Sunday, June 12, 2016
Australia reconsiders MH370 fateful flight path
At issue are estimates of how far the plane may have traveled after it ran out of fuel, notably whether it followed a tight or broad spiral down as it fell or glided toward the ocean, officials said.
“We’re really doing further work to test our assumption about the end of flight, which defines our search area,” said Martin Dolan, the chief commissioner of the Australian Transport Safety Bureau. “It’s really testing to make sure we haven’t missed anything, and that our assumptions remain valid.”
The failure to find any wreckage in the area also raises the possibility that the plane began descending earlier, or perhaps changed course in an attempt at an emergency landing at sea, though investigators have discounted these outcomes as inconsistent with other evidence.
There is still hope that the plane will be found in the search zone, an expanse of 46,000 square miles, about the size of England. But ocean survey vessels have scoured about 90 percent of the area and are expected to finish the rest in August. Unless new information emerges, that is when the governments of Australia, Malaysia and China plan to abandon the search, leaving one of the greatest mysteries in the history of modern aviation unsolved.
Flight 370 disappeared on March 8, 2014, while flying to Beijing from Kuala Lumpur, the Malaysian capital, carrying 239 passengers and crew members from 15 nations. An analysis of radar and satellite communications data determined that the Boeing 777-200 made several turns and then flew south for five hours with little deviation. But investigators never pinpointed where the plane ran out of fuel.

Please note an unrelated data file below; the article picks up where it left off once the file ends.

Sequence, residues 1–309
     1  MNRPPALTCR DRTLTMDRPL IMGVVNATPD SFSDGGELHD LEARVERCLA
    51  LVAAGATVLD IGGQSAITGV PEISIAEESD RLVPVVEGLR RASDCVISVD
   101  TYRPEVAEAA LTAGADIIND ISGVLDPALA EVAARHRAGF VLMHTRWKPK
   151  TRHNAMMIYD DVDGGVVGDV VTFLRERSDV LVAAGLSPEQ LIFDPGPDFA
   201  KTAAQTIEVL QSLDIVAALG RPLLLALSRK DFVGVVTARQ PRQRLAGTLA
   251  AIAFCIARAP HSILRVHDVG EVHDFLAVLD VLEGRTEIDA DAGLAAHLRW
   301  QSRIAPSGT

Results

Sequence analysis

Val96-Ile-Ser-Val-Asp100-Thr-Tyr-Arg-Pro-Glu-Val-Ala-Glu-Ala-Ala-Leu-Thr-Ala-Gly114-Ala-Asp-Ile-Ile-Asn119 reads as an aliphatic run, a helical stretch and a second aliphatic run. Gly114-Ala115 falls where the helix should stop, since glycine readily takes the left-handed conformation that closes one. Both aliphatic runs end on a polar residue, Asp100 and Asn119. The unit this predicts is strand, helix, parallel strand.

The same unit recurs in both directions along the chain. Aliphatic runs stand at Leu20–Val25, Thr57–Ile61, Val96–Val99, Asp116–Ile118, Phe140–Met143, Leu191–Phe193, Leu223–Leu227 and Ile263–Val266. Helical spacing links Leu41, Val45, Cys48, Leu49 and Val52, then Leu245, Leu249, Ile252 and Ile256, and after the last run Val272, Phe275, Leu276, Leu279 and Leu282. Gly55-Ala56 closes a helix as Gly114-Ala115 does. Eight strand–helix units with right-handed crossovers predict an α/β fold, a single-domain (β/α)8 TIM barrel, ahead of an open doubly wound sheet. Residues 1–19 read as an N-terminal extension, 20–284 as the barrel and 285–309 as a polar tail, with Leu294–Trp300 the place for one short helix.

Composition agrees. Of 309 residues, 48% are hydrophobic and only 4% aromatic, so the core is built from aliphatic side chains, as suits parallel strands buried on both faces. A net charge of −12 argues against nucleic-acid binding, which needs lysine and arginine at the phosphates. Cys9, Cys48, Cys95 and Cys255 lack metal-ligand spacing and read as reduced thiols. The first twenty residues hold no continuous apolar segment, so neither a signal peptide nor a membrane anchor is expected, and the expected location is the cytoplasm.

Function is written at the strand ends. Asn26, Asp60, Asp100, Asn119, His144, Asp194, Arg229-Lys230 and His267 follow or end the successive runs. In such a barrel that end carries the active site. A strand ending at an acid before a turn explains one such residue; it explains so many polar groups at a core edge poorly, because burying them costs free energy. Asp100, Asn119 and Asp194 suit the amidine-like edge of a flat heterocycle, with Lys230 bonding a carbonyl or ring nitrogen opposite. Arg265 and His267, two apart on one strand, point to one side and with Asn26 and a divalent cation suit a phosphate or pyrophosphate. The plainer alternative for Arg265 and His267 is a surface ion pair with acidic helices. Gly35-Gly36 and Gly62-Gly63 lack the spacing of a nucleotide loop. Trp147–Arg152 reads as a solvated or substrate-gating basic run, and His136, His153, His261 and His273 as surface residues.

Instead, they identified a 400-mile arc from which the plane most likely sent its last satellite signal. Survey vessels have been going back and forth at walking speed across that swath of the southern Indian Ocean for two years, using sonar devices towed over the seafloor to scan the Stygian depths more than two miles below the waves.
Investigators are now asking whether they have been looking in the right place. They are reconsidering an assumption that when the plane’s engines ran dry, the aircraft spiraled into the sea without traveling a horizontal distance of more than 10 nautical miles — a relatively tight spiral.
Analysts at Boeing and elsewhere have been re-examining their models of how the aircraft operating under autopilot might have responded to an initial loss of power on one side of the aircraft, and, up to 15 minutes later, on both sides. The simulations assume the right engine ran out of fuel first, because over its years of service that engine on the aircraft had tended to burn slightly more fuel than the left engine, according to records from Rolls-Royce, the engines’ manufacturer.
The three countries bankrolling the search for the missing Boeing 777-200 agreed in April last year not to expand the search area unless new information provided clear clues that the plane was somewhere else.
So far, no evidence has emerged that would justify an expanded search, Mr. Dolan said.
While the search for Flight 370 is already the largest and most costly in aviation history, relatives of passengers on the plane have called for it to be extended, as have many scientists, pilots, hobbyists and others mesmerized by the mystery of its disappearance.